Greta the Great White Shark, Natasha the Turtle and their oceanic friends — huge and beautiful artworks made of marine debris — are the stars of Mote Aquarium’s newest exhibit, “Sea Debris: Awareness through Art,” featuring “Washed Ashore.”
From Dec. 9, 2017, through June 15, 2018, visitors can see these larger-than-life, marine-inspired sculptures made entirely of plastic and other debris gathered from the Oregon coastline. These handmade pieces, ranging from 15 feet long and 10 feet wide to 7 feet long and 8 feet high, will fascinate and educate children, the young at heart and all those who seek creative solutions to environmental challenges.
- Plan your visit: www.mote.org/visit
Americans generate 4.4 pounds of trash per person daily, on average. Unfortunately, much of it ends up in the ocean. Plastic products in sea water can break down into tiny microplastics that may be swallowed by marine animals. Derelict fishing gear, such as monofilament line, can entangle or be ingested by animals such as sea turtles, dolphins and other marine life — causing injury or even death. Marine debris can also damage important habitats.
Mote staff members hope to turn marine debris stories from tragic to teachable with “Sea Debris” featuring “Washed Ashore.” Mote will host a series of marine-debris themed, educational events during winter 2017 through spring 2018 in southwest Florida (below).
The exhibit is paid for in part by Sarasota County Tourist Development Tax revenues.
About “Washed Ashore”: This non-profit community art project was founded by artist and educator Angela Haseltine Pozzi in 2010 and based in Bandon, Oregon. The project has processed tons of plastic pollution from Pacific beaches to create monumental art that is awakening the hearts and minds of viewers to the global marine debris crisis. Learn more about "Washed Ashore" at www.washedashore.org.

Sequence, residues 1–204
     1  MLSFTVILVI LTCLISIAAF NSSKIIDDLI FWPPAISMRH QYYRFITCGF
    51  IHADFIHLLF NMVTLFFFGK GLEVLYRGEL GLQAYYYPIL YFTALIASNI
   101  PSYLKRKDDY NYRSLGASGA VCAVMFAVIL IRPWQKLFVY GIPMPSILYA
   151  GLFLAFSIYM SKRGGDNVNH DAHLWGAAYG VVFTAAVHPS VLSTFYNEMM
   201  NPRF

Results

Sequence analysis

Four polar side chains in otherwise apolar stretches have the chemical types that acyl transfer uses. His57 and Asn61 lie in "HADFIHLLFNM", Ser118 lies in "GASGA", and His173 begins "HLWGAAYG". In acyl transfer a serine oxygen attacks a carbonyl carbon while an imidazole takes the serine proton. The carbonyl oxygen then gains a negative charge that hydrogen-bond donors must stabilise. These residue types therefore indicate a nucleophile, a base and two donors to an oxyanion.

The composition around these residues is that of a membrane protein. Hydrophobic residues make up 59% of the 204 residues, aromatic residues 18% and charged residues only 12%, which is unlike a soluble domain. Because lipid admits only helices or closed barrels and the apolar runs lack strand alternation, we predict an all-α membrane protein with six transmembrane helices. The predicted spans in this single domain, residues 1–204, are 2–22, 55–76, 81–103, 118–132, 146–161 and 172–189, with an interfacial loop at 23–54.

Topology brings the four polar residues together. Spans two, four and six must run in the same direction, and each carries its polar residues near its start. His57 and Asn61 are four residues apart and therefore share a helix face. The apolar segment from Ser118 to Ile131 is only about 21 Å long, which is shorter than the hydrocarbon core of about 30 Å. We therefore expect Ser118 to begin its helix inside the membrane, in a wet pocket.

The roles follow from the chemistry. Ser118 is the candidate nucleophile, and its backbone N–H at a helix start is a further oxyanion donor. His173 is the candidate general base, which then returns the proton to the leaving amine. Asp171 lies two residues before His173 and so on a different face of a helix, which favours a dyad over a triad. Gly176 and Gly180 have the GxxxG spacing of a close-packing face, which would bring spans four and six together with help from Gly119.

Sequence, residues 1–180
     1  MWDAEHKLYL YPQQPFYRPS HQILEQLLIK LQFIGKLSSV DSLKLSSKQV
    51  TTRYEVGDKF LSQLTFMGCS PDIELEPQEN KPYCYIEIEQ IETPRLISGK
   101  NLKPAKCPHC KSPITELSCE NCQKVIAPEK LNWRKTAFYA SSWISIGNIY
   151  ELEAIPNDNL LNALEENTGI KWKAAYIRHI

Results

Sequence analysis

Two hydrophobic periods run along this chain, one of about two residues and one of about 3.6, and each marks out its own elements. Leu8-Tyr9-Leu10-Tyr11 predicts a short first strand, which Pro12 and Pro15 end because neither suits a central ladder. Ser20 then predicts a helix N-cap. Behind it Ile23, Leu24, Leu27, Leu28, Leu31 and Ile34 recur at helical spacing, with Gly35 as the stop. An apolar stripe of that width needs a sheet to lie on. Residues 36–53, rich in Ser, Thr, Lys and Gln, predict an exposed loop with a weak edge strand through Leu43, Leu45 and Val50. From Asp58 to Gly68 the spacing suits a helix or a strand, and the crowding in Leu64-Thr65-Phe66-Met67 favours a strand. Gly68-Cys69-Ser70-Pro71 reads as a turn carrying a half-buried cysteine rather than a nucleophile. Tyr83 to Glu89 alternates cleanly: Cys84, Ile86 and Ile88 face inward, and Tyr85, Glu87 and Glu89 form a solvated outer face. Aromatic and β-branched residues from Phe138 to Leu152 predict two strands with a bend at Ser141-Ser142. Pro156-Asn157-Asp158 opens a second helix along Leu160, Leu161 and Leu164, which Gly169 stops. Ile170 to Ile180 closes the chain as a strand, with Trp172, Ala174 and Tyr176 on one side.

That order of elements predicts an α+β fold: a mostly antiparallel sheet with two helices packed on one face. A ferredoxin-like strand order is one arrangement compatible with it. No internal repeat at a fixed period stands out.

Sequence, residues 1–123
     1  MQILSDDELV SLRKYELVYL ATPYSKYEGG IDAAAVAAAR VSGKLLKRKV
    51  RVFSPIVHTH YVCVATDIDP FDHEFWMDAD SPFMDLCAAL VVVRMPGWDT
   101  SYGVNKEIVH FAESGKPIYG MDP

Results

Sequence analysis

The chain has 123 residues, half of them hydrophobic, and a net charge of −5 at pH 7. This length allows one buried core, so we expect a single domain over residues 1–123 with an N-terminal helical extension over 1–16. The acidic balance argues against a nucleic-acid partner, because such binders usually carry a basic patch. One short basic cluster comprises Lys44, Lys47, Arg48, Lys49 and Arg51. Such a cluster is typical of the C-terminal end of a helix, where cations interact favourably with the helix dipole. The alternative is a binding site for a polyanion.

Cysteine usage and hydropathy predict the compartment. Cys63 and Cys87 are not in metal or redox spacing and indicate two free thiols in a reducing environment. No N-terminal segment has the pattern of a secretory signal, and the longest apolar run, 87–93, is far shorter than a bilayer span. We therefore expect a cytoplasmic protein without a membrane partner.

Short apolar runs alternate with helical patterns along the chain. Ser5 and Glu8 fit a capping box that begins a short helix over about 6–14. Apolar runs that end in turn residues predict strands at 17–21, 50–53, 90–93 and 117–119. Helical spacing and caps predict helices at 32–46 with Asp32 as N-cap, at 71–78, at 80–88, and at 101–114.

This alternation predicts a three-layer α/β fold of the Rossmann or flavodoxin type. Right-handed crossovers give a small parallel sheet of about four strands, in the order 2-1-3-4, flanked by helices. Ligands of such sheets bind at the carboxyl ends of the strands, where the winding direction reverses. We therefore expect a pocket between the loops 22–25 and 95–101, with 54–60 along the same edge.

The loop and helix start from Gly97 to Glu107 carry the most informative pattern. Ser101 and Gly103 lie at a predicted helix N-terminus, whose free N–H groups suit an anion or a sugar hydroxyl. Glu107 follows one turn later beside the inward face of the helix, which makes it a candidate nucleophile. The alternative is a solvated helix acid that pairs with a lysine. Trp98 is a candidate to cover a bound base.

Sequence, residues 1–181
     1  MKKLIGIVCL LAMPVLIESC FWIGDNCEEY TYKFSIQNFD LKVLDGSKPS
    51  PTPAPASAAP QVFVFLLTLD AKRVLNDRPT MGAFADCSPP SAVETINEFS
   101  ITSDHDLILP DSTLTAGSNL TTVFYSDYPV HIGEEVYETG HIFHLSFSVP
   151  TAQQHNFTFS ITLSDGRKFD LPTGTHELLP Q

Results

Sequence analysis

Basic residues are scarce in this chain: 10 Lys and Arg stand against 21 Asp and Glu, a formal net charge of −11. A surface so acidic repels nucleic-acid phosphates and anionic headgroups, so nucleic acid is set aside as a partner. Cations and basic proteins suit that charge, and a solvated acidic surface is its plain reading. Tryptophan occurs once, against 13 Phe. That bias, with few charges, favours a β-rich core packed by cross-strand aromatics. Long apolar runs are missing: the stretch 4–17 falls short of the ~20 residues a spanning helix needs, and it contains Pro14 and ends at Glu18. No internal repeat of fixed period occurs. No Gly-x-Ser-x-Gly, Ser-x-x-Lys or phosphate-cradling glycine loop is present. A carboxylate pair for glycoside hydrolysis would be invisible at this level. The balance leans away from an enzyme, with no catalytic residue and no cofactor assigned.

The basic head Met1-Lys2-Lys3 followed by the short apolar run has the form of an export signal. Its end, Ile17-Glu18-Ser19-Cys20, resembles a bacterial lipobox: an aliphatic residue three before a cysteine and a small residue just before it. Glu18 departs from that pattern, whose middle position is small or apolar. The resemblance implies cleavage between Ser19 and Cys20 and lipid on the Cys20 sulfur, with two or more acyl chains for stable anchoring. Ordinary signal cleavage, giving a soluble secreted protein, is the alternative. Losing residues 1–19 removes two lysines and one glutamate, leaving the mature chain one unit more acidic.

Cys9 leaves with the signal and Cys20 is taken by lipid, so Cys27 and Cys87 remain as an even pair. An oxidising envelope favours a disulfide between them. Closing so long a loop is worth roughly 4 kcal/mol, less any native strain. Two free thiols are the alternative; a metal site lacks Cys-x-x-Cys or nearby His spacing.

‘Sea Debris’ related events
Check www.mote.org/events or see other links specified below for event details and registration. Registration is required for all events unless otherwise stated.
- Dec. 9: New exhibit “Sea Debris: Awareness through Art” featuring “Washed Ashore” opens to the public. See it from 10 a.m.-5 p.m. daily at Mote Aquarium, Sarasota. Included with normal Aquarium admission.
- Jan. 25: Youth Making Ripples Film Festival and Competition. Middle- to high-school film competition finalists debut their works focusing on marine debris and plastic pollution.
- Feb. 10: Teens clean up the island. 8:30-11 a.m., City Island, Sarasota. All teens (age 14-18 ONLY) are invited to work with Mote's high school interns to rid City Island of marine debris. Bring a water bottle and get ready to meet new friends! Students can earn community service hours.
- Feb. 26: Mote’s Special Lecture Series kicks off with "The good, the bad, and the smelly: An overview of Mote's Stranding Investigations Program,” by Gretchen Lovewell, whose team rescues and recovers ocean animals, including those affected by marine debris. 6:30 p.m. in the WAVE Center at Mote, Sarasota. All lecture details and tickets: www.mote.org/lecture
- March 20: "A Plastic Ocean" documentary screening. 5:30 p.m. in the WAVE Center at Mote Aquarium, Sarasota.
- April 16: Science Café on Sea Debris. Discussion with experts from Mote and Keep Sarasota County Beautiful. Calusa Brewing, 5701 Derek Ave., Sarasota.
- April 23: SeaTrek.TV Special Live Event spotlighting marine debris. Check for details at: www.SeaTrek.tv/live